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On the Record

The Daily Record's law news blog

Child abuse reporting bill clears Senate, questioned in House committee

A bill to criminalize a failure to report child abuse if a mandatory reporter has actual knowledge cleared the Maryland Senate and was before the House Judiciary Committee on Tuesday, where its crossfile has sat without a vote since its hearing in February.

Senate Bill 132 makes it a misdemeanor punishable by up to six months in prison and a $1,000 fine to knowingly fail to report child abuse and neglect that occurs while the child is still a minor. It applies to health care practitioners, police officers, educators and human service workers who have reason to believe a child has been abused.

The bill passed the Senate 46-0.

The cross-filed House Bill 500 faced opposition at its hearing, with delegates concerned about establishing a crime so soon after a 2016 bill that allowed for the possible termination of a professional license held by the reporter for failing to disclose possible abuse.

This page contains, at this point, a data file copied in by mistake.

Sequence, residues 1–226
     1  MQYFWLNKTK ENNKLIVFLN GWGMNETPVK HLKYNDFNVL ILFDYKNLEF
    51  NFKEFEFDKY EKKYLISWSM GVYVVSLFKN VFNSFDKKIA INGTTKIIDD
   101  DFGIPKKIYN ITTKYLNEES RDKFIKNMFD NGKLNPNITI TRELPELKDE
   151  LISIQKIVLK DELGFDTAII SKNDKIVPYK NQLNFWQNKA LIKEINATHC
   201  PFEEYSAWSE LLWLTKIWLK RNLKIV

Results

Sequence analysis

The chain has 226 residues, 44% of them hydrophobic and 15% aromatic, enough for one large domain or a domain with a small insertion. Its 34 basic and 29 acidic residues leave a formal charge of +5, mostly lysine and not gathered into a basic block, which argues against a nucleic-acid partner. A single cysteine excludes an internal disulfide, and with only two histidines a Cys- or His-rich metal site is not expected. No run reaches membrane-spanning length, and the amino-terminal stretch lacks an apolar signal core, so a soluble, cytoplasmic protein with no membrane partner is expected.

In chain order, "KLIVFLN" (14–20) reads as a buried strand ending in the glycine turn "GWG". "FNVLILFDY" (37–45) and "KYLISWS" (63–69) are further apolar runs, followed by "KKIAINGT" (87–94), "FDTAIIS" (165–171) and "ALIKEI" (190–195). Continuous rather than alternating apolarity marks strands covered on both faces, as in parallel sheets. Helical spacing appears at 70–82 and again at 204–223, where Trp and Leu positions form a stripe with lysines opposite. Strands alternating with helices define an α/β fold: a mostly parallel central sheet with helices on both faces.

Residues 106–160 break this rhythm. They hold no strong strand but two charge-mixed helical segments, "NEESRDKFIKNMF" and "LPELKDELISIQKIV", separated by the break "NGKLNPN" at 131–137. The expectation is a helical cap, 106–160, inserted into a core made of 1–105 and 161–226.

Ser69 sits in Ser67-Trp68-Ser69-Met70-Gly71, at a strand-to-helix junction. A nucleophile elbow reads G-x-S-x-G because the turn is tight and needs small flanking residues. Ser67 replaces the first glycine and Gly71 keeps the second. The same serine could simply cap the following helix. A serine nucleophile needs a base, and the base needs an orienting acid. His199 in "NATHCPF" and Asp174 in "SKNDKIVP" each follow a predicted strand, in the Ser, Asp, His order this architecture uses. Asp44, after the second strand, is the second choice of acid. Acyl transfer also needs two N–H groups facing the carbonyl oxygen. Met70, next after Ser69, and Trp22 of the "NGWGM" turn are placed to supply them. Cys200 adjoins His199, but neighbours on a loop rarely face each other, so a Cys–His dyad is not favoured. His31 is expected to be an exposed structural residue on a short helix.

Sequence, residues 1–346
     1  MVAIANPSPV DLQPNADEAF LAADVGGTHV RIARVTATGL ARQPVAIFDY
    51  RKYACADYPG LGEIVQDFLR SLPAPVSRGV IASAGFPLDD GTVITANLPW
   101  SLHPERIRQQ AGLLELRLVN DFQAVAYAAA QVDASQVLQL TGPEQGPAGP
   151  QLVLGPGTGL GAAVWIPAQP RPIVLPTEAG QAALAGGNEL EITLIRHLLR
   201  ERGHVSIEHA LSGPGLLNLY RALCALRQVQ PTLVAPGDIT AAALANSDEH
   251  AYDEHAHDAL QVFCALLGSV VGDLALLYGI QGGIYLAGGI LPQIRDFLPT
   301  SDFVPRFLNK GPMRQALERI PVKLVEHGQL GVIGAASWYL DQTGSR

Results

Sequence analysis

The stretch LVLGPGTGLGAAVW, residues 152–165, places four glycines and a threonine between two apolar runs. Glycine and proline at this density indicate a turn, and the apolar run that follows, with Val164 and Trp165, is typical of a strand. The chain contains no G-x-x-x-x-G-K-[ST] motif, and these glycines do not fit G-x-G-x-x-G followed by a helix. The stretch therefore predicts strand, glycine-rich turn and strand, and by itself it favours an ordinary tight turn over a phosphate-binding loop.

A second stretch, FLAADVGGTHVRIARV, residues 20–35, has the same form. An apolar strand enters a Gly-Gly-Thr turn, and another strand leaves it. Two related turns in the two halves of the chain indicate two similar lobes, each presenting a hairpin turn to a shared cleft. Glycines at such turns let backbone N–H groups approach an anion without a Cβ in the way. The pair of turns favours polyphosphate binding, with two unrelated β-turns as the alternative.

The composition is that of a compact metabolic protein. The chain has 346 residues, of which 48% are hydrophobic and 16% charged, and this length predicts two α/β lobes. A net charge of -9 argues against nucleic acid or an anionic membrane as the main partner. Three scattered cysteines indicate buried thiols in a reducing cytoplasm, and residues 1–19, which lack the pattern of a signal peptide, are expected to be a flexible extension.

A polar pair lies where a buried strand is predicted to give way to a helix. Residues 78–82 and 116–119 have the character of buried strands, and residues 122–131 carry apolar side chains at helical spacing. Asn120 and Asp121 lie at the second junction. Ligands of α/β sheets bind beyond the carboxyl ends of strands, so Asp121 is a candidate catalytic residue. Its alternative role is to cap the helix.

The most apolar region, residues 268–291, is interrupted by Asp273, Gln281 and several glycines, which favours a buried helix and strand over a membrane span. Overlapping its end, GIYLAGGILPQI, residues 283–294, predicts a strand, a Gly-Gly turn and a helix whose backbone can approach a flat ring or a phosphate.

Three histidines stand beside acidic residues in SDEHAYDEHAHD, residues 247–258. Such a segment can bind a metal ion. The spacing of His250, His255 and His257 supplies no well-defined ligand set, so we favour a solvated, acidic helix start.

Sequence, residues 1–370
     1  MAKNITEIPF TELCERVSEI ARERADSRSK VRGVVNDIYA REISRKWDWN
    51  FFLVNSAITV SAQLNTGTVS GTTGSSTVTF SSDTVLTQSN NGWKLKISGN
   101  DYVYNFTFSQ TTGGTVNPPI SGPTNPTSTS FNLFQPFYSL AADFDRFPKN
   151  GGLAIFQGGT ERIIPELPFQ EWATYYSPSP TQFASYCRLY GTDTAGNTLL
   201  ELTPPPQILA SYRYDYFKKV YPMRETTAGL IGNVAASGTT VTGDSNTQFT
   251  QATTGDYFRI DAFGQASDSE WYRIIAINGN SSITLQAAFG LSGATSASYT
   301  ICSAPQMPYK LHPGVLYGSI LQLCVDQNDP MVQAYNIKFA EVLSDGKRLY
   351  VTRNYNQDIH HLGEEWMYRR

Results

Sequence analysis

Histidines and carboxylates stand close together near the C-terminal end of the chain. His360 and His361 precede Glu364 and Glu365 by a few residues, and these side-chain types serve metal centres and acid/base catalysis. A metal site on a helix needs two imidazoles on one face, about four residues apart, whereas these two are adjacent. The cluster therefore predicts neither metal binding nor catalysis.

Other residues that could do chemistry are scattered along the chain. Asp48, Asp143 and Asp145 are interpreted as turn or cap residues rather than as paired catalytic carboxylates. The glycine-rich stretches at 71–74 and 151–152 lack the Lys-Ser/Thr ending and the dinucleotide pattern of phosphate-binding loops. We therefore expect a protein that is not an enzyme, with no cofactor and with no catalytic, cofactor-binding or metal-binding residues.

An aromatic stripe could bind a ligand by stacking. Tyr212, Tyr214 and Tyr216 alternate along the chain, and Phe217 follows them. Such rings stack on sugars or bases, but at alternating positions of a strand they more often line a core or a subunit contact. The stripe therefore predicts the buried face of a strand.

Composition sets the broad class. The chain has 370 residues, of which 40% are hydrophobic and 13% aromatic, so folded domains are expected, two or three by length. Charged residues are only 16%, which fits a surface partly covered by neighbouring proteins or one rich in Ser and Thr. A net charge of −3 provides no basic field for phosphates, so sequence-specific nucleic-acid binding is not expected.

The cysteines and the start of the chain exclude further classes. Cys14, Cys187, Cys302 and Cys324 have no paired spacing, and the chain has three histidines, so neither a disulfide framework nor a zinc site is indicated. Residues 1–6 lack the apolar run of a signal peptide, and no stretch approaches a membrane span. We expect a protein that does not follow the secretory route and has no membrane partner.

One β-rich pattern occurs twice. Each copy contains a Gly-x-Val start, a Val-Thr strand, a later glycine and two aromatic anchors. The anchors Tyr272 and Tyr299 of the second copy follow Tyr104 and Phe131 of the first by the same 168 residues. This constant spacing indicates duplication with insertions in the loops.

Attorney and former social worker Megan A. Benevento said Tuesday she represents victims in litigation against schools where employees ignored red flags of abuse.

“The parents want something done and under the current laws that we have available… they are not getting relief and justice,” said Benevento, of Joseph Greenwald & Laake P.A. in Greenbelt. “They want the people that knew this abuse was occurring to be held accountable.”

As a former mandatory reporter herself, Benevento said the “calculus in whether or not you pick up the phone is a tough one” but added that people currently still lean toward not intervening, and the law would change that.

Joyce Lombardi, director of government relations and legal services for the Baltimore Child Abuse Center, said she researched questions raised by delegates, particularly about these laws in other states, and found the typical knowledge level is reasonable suspicion rather than the more stringent actual knowledge in Maryland’s legislation.

Lombardi also said the laws are “used sparingly” and only in severe cases.

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